Overnight Regulation: Groups fear FDA isn't serious about cutting nicotine | DHS waives environmental rules to begin border wall | States sue EPA over ozone rule

Overnight Regulation: Groups fear FDA isn't serious about cutting nicotine | DHS waives environmental rules to begin border wall | States sue EPA over ozone rule
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Welcome to Overnight Regulations, your daily rundown of news from the federal agencies, Capitol Hill and the courts. It's Tuesday evening here in Washington where a Senate panel is planning to hold a bipartisan hearing on healthcare. Here's the latest on that.  




The Food and Drug Administration (FDA) is raising eyebrows with talk of cracking down on nicotine levels in cigarettes and flavored tobacco products, including menthol.

The agency on Friday said it's planning to look at reducing nicotine in cigarettes to non-addictive levels, a policy change that would likely have huge repercussions for the tobacco industry.

The FDA said it would issue a regulatory notice "to seek input on the potential public health benefits and any possible adverse effects of lowering nicotine in cigarettes."

Health advocates who want tougher action against cigarettes aren't celebrating the announcement; they say the process mapped out by the FDA could take years and express doubts the agency will ultimately follow through.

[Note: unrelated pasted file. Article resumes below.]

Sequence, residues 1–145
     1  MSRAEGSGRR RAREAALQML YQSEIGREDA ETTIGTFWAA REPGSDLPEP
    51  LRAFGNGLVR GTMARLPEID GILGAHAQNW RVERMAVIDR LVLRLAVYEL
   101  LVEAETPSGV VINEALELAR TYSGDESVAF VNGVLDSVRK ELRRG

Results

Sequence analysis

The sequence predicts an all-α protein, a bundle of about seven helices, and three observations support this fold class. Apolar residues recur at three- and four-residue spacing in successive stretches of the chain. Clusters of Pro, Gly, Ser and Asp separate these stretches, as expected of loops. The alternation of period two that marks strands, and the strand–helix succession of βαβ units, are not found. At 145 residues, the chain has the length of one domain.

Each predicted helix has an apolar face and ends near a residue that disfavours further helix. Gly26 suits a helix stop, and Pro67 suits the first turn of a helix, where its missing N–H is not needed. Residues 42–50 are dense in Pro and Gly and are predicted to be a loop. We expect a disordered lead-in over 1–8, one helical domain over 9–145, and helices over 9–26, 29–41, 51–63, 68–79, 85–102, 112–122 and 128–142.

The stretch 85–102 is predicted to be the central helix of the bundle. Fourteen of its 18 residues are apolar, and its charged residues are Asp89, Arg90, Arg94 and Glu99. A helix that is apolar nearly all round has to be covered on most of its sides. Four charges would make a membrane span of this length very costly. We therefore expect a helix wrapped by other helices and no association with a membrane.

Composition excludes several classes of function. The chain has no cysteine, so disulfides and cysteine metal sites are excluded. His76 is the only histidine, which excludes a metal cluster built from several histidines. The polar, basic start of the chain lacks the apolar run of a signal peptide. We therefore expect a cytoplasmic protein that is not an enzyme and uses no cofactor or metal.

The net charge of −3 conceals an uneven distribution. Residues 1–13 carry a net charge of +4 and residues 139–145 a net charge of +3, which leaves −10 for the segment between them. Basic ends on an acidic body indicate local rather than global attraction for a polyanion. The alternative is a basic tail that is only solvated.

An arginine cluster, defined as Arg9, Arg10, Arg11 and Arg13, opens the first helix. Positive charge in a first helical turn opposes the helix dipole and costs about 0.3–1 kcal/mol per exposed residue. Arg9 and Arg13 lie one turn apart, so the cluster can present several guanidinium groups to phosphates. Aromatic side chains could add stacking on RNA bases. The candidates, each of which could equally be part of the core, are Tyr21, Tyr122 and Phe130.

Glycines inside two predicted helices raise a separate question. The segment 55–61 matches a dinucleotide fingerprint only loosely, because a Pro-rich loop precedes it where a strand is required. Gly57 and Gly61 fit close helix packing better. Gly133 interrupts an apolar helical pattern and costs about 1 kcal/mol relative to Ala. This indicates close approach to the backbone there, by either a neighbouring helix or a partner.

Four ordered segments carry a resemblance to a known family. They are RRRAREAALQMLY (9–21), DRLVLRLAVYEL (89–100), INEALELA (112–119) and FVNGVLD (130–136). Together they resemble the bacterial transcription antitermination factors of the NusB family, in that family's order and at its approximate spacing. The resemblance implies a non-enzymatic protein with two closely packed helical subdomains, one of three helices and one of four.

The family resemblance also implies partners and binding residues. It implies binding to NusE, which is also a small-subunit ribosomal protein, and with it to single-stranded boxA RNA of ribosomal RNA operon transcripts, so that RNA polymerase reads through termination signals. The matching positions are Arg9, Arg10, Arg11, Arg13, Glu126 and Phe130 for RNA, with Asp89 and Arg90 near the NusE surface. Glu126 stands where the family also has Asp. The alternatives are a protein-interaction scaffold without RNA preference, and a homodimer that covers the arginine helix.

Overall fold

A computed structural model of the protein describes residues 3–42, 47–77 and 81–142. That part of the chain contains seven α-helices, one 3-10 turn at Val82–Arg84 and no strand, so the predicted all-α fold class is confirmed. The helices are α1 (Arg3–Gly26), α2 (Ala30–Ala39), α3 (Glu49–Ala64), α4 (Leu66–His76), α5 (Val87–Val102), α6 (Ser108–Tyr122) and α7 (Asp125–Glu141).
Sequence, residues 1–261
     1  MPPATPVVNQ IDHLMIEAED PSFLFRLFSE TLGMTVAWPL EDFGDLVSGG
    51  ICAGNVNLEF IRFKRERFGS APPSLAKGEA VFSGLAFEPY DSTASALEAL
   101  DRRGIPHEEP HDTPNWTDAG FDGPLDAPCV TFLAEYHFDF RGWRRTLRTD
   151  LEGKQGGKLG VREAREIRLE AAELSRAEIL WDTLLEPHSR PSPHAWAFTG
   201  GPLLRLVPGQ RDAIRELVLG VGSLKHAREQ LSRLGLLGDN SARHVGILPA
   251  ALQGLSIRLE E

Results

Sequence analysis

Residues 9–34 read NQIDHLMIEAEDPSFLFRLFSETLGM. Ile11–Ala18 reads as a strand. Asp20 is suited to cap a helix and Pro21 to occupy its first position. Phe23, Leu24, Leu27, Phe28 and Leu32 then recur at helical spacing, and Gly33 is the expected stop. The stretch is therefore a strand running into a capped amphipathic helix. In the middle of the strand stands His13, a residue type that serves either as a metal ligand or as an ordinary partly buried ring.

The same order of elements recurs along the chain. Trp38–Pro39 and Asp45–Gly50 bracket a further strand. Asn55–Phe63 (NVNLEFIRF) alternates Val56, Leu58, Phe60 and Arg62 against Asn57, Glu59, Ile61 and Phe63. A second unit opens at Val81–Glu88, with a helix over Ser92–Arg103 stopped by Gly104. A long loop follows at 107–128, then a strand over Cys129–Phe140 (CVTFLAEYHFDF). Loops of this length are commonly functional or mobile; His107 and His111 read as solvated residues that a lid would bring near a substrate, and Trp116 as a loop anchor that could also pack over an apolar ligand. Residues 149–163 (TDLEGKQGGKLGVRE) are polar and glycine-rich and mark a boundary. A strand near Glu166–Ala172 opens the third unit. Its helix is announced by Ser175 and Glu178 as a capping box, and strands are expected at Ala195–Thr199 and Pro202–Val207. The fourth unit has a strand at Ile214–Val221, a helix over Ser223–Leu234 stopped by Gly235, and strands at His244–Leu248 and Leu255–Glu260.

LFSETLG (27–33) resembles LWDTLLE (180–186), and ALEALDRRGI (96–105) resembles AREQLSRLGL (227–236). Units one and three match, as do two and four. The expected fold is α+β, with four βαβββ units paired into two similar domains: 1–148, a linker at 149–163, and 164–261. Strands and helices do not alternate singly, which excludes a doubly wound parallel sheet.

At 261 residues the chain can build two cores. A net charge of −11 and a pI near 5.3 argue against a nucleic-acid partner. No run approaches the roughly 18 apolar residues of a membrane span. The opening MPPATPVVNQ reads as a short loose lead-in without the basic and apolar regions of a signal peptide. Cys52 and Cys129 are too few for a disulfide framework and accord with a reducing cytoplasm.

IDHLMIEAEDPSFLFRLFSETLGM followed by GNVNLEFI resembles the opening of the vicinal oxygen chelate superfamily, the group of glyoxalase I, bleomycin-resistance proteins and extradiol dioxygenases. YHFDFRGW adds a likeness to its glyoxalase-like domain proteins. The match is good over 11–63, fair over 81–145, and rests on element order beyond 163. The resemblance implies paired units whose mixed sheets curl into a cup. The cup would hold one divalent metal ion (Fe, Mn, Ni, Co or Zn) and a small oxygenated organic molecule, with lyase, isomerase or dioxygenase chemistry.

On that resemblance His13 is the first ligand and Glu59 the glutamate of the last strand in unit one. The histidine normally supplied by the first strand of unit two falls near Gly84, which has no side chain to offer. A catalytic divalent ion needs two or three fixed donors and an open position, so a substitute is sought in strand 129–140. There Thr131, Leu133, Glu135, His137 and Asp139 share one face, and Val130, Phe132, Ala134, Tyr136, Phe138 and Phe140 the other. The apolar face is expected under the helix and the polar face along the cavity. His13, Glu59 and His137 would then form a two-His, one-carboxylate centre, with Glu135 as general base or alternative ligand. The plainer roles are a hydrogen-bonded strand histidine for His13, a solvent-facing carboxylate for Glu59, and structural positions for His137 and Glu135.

"We're concerned about how long a product standard on reducing the addictiveness of cigarettes is going to take based on the process outlined on Friday," said Erika Sward, a spokeswoman for the American Lung Association.

The FDA said it plans to file an Advance Notice of Proposed Rulemaking on the nicotine levels, which is the first step in a time-consuming regulatory process that must cross several hurdles, including White House approvals and public comment periods that can last for months. 

The notice isn't the FDA's first foray into research on nicotine reduction or the effects of flavored tobacco products.


The FDA's Center for Tobacco Products teamed up with the National Institute of Health (NIH) in 2012 and has been funding research ever since to "better inform FDA's regulatory authorities," according to the NIH website. 

That year, FDA and NIH awarded a team of researchers from the University of Pittsburgh and the University of Minnesota $2.6 million in grant funding, according to NIH records, to evaluate new nicotine standards for cigarettes. 

Dorothy Hatsukami, a professor of psychiatry at the University of Minnesota and a member of the team, said the clinical trial's results released in 2015 showed that a dose of 2.4 milligrams of nicotine per gram of tobacco leads people to smoke less compared to those who smoked cigarettes with normal nicotine contents of 15.8 milligrams of nicotine per gram of tobacco.